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ARISTOTLE_POETICS


                                         July 30 - October 9, 2018

Reading through Aristotle's "The Poetics" in the
S.N. Butcher translation from 1911 (as I think          There's also extensive
most of us do)...                                       commentary by Butcher
                                                        in the Dover edition,
                                                        some of which I've
   http://www.gutenberg.org/1/9/7/1974/                 also read.


 Just to state the obvious-- one of my
 specialties-- for Aristotle "poetry"
 embraces nearly every aspect of what we
 would call fiction: he's thinking of          The surviving work is
 the stage performances of greek comedy        entirely about Tragedy--
 and drama, which embraces plot, dialog,       he had a parallel work
 presentation ("spectacle"), and acting,       about Comedy that's been
 as well as the florid, mannered               lost.
 language we associate with "poetry".  
                                                    One might imagine a
                  ARISTOTLE_SPEAKS                  parallel universe
                                                    where comedians
 I get the sense that back when                     could make a bid for
 he was writing, these stage                        respectability by
 performances were the new,                         quoting Arisotle.
 happening art form-- so here,         
 Aristotle is the young turk           
 arguing against those old fart        
 champions of Homer.                   
                                       
 E.g. in Section XXVI, Aristotle talks 
 about how tragedy gets no respect from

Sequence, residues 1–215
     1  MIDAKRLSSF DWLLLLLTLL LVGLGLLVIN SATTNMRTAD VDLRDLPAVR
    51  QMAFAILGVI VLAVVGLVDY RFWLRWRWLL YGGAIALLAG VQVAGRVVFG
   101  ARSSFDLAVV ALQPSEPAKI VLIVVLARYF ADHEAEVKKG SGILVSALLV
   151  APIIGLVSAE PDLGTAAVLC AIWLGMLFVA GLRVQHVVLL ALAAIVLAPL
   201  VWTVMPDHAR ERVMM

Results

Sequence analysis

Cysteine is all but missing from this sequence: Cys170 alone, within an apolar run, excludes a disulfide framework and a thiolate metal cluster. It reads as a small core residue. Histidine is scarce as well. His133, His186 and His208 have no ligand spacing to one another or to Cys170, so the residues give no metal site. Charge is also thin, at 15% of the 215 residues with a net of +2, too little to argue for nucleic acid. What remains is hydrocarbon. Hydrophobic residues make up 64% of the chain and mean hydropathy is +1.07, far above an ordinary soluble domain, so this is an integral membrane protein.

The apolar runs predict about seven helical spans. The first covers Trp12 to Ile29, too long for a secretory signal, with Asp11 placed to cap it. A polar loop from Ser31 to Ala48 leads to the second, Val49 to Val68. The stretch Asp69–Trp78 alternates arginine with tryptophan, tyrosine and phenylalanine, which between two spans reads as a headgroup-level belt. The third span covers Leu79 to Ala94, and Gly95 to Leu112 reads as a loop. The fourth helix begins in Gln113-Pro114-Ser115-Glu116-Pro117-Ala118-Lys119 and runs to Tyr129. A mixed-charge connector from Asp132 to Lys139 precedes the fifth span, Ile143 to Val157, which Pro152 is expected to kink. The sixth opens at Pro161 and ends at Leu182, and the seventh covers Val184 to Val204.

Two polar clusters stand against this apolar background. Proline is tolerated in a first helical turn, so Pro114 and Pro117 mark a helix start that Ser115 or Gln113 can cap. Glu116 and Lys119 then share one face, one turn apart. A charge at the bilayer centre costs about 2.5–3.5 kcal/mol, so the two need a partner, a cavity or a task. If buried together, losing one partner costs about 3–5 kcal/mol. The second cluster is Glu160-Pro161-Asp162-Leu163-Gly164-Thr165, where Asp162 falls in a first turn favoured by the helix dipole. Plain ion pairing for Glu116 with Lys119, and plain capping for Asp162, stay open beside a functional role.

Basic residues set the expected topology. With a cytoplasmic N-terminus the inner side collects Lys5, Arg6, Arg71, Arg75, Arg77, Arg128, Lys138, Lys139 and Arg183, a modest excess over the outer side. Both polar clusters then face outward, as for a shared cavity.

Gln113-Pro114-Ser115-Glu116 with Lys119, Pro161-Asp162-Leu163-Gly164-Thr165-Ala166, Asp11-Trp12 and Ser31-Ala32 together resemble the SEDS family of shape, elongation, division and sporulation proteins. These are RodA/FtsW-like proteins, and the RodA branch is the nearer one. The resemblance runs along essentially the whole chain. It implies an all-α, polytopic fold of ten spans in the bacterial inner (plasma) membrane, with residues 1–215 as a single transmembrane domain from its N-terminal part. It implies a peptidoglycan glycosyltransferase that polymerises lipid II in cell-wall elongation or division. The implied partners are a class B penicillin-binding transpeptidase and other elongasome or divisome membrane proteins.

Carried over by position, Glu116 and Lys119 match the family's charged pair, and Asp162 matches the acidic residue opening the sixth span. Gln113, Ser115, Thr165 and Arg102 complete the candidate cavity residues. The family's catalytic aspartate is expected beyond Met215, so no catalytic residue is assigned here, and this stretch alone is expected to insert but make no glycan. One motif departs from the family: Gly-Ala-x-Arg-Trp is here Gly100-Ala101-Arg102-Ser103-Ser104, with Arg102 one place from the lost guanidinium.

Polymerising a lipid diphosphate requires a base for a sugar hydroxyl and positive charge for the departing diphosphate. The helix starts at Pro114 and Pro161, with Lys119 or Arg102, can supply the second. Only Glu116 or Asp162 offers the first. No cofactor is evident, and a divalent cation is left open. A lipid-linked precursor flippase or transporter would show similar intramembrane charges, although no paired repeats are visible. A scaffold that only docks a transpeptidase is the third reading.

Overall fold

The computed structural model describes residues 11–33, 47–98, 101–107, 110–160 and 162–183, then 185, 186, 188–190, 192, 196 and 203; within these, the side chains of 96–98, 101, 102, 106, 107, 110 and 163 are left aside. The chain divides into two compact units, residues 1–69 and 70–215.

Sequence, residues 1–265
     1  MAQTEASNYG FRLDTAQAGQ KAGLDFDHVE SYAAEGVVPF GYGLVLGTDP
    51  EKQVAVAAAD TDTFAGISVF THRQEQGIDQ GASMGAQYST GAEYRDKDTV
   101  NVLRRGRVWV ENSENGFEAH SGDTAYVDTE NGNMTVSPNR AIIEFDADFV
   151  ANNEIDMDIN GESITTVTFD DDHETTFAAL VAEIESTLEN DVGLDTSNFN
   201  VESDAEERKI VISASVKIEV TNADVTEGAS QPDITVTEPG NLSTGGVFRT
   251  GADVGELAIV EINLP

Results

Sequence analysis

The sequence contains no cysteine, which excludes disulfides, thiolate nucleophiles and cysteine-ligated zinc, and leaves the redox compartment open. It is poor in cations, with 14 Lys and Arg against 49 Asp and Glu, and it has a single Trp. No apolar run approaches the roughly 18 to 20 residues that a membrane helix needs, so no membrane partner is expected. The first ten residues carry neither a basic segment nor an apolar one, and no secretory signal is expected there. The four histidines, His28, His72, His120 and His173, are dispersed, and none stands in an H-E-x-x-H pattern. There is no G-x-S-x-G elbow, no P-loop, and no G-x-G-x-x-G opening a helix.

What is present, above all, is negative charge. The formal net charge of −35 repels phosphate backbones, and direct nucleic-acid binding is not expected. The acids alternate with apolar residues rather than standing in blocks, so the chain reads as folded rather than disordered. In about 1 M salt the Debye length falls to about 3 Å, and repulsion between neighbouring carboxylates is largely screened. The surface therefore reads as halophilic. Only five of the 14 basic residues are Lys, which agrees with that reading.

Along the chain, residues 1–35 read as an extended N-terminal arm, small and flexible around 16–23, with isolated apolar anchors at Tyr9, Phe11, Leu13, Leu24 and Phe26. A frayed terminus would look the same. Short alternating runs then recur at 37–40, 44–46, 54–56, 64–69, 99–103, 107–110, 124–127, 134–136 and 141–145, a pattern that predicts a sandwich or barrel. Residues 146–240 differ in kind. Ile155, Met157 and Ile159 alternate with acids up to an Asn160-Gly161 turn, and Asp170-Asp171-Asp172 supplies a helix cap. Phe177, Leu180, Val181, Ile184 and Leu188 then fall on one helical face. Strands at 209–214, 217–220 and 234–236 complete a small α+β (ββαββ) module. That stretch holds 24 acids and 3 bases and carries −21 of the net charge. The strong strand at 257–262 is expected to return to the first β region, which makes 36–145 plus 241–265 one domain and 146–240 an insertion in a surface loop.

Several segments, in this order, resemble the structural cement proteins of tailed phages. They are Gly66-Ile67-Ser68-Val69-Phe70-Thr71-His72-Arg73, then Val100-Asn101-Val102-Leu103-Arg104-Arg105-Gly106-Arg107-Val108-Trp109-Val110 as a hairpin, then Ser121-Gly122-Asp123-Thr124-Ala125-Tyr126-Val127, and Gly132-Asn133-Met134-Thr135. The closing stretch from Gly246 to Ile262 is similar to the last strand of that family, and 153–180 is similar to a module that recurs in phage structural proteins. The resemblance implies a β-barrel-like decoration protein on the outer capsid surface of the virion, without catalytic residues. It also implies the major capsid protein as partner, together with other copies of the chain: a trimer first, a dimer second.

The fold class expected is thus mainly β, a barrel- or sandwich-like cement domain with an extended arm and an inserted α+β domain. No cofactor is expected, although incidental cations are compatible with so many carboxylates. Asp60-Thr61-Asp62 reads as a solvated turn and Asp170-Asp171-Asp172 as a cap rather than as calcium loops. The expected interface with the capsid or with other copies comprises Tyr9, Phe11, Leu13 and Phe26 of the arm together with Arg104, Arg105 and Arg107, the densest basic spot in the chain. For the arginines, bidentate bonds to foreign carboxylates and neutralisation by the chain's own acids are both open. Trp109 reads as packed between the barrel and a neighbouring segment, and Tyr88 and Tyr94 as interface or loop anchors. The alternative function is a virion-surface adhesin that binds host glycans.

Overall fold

the oldsters: the stage tragedy was a 
 newer artform than epic poetry.       
                                       
 Aristotle suggests that tragedy does a
 better job and is thus a higher art...
                                       
 I think that's an attitude he         
 displays throughout "The Poetics":    
 tragedies are tighter, more unified.          This is much like Edgar Allen
                                               Poe's defense of the short
                                               story's tight focus compared
                                               to the novel.
                                       
                                               From Section VI (pink tab):
                                       
                                               "Tragedy, then, is an
                                               imitation of an action that
                                               is serious, complete, and of
                                               a certain magnitude ..."
                                       
                                               In the length of a play
                                               you can show only so much.
                                       
And so, here's a collection of some    
quotable (or questionable) quotes      
with commentary...

       DEJA_ARISTOTLE

       ARISTOTELIAN_METHOD
       ARISTOTELIAN_LINES
       ARISTOTLE_BEGINS
       ARISTOLE_ENDS
       ARISTOTLE_EPISODES
       ARISTOTLE_REVERSED
       ARISTOTLE_RECOGNIZED
       ARISTOTLE_DOUBLED
       ARISTOTLE_WART
       ARISTOTLE_CHARACTER
       ARISTOTLE_SENSES
       ARISTOTLE_ADVISES
       ARISTOTLE_TWOPART
       ARISTOTLE_FOURTYPES
       ARISTOTLE_CHORUS
       ARISTOTLE_EMOTES
       ARISTOTLE_SILENCES
       ARISTOTLE_SPEAKS
       ARISTOTLE_UNIFIES
       ARISTOTLE_FAKES
       ARISTOTLE_STANDARDS
       ARISTOTLE_SATIRE
       ARISTOTLE_POSSIBILITIES
       ARISTOTLE_IMITATED
       ARISTOTLE_EVOLUTION
       SPECTACULAR_ARISTOTLE
       ARISTOTLE_COMPOSED
       POETIX
       BUTCHERS_REPUBLIC
       KOREAN_POETICS
       THE_TWIST


       META4


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